Ensto Chago takes the parking stage at Jönköping’s legendary exhibition space.
DreamHack is the world’s largest digital festival and LAN party, featuring concerts, digital art, and e-sports. Each fall, more than 20,000 geeks descend on the Elmia Exhibition and Convention Center in Jönköping, Sweden, to compete for DreamHack’s prize purse of over 200,000 euros.
“They sit at their computers 24 hours straight, drinking Red Bull and Coke,” says Leif Klasson, Ensto Area Sales Manager. “The electricity, internet, absolutely everything has to work perfectly.”
Elmia’s Kent Gustafsson and Lac Thu Phung are the two key Technicians charged with keeping the DreamHack party going, as well as dozens of other events at the Elmia Center that also demand a flawless experience.
Gustafsson, Thu, plus two additional electricians, are responsible for heat, air, electricity, and light for Elmia’s 77,000 square meters of indoor exhibition space, outdoor exhibition space, plus 4,000 parking spaces that serve it all.
Increasingly, exhibition goers are arriving in electric automobiles. “Four electricians don’t have the time to be hauling out cables every time someone wants to charge his car,” says Ensto’s Klasson. So Elmia selected Ensto to supply them with four Chago dual charging units to handle eight cars. They also specified Chago’s dynamic load management system, or DLM.
“DLM was the reason we chose Ensto,” says Lac Thu Phung, Elmia’s unofficial computer genius. Thu not only chose the Ensto system, but he installed it himself.
The DLM allows for the management of five to 20 cars, makes sure fuses don’t blow, and that cars get the proper amount of amps they need. When a car is full, the DLM automatically disconnects it and reroutes energy to another car.
Thu says he met a few challenges connecting the DLM to the system and getting the software running. Ensto specialists remotely logged in to Thu’s system in real time, everyone looked at the same screen, and together they got the system up and running. It’s been smooth sailing since.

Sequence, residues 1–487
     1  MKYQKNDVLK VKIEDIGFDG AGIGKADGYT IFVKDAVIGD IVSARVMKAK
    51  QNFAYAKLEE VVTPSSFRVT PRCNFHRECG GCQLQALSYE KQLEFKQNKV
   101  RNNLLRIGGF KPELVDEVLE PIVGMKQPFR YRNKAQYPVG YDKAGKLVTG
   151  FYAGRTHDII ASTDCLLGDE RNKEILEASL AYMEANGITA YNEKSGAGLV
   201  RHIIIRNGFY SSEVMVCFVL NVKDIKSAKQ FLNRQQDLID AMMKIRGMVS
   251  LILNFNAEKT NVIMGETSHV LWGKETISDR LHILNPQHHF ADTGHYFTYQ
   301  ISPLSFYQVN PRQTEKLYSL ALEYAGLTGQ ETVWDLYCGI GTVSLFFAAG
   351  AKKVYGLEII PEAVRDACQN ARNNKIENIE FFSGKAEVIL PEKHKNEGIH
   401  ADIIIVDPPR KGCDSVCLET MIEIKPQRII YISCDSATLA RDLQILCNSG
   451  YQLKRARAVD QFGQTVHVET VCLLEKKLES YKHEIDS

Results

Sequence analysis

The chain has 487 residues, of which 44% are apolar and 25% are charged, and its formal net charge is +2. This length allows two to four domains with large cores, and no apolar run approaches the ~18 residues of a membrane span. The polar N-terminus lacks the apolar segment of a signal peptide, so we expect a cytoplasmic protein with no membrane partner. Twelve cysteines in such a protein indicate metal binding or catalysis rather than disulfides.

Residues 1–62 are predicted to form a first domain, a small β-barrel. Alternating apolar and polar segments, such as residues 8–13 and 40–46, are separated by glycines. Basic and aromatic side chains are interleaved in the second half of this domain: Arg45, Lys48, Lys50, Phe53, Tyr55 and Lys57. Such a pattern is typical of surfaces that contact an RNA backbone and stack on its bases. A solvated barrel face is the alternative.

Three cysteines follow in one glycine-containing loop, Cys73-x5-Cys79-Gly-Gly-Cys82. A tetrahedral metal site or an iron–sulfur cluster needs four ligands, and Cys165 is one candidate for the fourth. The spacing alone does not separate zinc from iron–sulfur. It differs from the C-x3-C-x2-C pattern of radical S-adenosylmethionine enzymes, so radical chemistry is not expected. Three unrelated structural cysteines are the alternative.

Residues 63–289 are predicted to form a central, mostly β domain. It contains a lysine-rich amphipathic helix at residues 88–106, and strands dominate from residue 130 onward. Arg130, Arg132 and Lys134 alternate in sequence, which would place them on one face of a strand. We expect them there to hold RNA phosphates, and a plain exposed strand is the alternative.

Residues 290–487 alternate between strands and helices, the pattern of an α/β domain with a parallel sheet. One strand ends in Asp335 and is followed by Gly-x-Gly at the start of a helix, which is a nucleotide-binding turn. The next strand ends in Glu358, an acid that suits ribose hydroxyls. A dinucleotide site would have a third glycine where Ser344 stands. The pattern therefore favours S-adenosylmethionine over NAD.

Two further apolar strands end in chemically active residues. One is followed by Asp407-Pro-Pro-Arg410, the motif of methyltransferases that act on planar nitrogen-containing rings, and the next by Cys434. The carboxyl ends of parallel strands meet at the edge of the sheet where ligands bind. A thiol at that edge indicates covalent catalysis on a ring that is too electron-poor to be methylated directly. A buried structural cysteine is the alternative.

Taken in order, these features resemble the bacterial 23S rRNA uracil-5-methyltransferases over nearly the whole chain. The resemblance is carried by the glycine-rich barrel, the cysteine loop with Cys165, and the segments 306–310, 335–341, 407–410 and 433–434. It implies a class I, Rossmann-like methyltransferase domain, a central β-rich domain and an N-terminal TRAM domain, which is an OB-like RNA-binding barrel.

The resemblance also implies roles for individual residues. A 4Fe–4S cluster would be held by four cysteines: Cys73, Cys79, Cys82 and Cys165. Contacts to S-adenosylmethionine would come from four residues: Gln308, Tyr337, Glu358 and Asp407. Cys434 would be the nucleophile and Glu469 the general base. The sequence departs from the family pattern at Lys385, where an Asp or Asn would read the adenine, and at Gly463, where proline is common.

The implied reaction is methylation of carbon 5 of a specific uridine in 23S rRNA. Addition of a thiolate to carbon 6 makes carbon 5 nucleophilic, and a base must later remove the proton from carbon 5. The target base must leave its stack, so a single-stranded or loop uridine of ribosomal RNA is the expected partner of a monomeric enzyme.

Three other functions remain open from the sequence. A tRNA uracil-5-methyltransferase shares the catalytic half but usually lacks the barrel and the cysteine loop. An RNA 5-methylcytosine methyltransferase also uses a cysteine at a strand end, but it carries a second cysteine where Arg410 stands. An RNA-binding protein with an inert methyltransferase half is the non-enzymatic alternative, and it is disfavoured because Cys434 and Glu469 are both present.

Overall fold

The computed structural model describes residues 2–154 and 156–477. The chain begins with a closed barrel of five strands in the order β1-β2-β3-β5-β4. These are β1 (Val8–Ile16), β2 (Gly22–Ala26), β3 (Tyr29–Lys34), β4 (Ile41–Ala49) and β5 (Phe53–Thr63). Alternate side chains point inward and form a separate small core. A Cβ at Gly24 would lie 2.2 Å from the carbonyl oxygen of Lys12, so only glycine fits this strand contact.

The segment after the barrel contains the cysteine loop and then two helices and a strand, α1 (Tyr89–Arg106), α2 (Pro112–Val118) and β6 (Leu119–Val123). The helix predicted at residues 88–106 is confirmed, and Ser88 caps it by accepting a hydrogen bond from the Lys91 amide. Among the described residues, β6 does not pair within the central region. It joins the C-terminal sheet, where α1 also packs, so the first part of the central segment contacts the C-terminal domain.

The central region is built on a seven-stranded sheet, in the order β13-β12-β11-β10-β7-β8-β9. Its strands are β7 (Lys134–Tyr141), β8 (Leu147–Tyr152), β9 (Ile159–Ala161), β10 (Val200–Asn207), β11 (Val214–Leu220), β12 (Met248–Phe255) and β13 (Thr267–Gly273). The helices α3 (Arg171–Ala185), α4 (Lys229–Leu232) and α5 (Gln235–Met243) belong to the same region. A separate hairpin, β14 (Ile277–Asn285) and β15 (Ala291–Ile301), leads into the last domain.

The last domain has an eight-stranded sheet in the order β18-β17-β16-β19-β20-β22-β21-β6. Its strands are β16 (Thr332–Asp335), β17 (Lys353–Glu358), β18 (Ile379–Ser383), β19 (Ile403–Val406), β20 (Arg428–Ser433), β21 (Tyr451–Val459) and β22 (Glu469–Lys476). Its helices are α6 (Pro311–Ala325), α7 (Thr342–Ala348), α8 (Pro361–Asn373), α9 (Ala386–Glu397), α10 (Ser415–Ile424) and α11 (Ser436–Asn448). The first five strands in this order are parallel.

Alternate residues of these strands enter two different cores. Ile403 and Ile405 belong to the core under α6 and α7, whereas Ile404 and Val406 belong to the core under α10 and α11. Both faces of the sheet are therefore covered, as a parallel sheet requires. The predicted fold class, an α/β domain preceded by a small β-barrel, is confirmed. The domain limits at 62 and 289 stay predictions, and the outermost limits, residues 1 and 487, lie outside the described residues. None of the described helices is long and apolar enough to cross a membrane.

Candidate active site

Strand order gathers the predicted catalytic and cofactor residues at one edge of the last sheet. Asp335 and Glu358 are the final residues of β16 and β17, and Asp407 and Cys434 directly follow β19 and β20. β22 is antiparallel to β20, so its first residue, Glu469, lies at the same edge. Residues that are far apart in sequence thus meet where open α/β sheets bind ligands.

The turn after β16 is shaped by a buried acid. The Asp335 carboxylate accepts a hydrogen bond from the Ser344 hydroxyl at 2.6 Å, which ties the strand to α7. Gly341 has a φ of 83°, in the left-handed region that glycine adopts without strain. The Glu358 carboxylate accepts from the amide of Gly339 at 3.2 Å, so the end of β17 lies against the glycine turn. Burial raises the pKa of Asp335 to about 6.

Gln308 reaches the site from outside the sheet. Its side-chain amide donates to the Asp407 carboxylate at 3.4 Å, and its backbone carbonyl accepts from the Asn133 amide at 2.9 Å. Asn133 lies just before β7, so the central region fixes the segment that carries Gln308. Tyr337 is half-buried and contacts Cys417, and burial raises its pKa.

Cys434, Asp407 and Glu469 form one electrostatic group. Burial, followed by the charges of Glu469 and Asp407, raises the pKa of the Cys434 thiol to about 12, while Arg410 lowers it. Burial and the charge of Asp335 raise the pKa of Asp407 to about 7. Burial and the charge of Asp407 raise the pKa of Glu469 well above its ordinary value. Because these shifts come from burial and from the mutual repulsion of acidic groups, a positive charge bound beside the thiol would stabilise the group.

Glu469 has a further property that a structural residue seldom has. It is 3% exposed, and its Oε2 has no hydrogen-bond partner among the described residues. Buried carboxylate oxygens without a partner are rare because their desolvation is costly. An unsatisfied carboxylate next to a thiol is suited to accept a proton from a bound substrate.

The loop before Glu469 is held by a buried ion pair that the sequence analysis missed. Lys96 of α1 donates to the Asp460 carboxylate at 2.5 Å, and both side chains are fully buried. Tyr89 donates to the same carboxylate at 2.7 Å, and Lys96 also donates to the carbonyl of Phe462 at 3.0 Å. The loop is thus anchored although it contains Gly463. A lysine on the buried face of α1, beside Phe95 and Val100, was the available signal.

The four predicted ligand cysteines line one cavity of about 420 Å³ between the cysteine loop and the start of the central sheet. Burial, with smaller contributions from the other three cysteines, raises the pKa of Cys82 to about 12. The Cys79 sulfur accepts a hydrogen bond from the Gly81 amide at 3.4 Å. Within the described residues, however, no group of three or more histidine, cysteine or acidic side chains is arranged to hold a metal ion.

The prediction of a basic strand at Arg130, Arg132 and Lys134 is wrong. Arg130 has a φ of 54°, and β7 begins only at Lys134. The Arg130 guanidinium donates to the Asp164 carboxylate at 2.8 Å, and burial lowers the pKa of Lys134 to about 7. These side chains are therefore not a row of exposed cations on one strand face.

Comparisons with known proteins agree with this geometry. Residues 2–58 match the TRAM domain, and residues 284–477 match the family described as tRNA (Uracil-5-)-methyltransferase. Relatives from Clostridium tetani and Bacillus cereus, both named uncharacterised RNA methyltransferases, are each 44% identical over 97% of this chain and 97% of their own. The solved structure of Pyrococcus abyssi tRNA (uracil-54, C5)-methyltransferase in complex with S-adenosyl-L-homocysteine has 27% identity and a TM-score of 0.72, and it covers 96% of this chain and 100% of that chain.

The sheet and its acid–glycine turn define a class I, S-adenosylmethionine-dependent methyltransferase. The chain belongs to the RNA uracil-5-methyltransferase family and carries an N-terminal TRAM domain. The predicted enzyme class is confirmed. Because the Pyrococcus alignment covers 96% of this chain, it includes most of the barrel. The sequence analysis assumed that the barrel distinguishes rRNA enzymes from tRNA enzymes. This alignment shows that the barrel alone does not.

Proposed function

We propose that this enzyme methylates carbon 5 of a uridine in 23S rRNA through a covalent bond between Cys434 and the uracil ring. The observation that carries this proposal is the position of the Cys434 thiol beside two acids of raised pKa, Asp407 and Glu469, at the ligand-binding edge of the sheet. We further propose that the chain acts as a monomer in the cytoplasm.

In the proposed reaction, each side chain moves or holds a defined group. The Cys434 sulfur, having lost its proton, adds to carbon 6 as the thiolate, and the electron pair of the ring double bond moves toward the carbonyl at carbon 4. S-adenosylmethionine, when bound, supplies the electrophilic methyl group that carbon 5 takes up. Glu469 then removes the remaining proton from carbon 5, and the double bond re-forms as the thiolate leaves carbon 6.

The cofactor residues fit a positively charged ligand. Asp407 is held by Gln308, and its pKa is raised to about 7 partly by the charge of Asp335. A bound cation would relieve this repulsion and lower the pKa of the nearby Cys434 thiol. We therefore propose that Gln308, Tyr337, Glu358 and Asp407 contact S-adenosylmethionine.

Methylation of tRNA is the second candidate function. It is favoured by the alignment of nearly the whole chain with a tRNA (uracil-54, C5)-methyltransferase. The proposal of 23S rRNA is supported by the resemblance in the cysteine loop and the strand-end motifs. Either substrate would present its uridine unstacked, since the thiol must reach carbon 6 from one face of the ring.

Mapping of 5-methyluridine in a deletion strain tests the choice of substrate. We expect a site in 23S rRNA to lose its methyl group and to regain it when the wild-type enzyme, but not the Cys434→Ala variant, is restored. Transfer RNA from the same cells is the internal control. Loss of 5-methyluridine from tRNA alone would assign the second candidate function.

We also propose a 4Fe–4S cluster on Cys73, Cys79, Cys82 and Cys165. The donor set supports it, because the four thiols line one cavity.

If you google´’laddstolpe’, Swedish for ‘charging post’, an Ensto charger is what comes up first.
Another feature of the DLM that attracted Thu was the ability to monitor and control the system remotely, whether from his desktop, a tablet, or even smartphone. “I can check power consumption from anywhere. I can release a stuck hatch if a parker’s RFID card gets demagnetized.”
Sweden is not yet a market where electric vehicles are commonplace. Its neighbor, Norway, famous for having 50,000 EVs on the road, uses government-provided incentives to boost EV popularity. In Sweden there are few benefits given to EV drivers, and only 13,000 EVs in use.
But the market is growing and Ensto has sold several hundred Chago units throughout Sweden, including a unit to every Toyota dealer, and a charging pole for many McDonald’s restaurants, as well.
“This has been the most interesting year so far for EVs and Ensto in Sweden,” says Ensto’s Klasson. “The majority of customers are actually finding me.”
“If you google ‘laddstolpe,’ Swedish for ‘charging post,’” adds Klasson, “an Ensto charger is what comes up first.” Being the very definition of charging post in the Swedish language puts Ensto in an enviable position. Thanks to the work of Klasson, and success stories like Elmia, it may be able to stay there a while.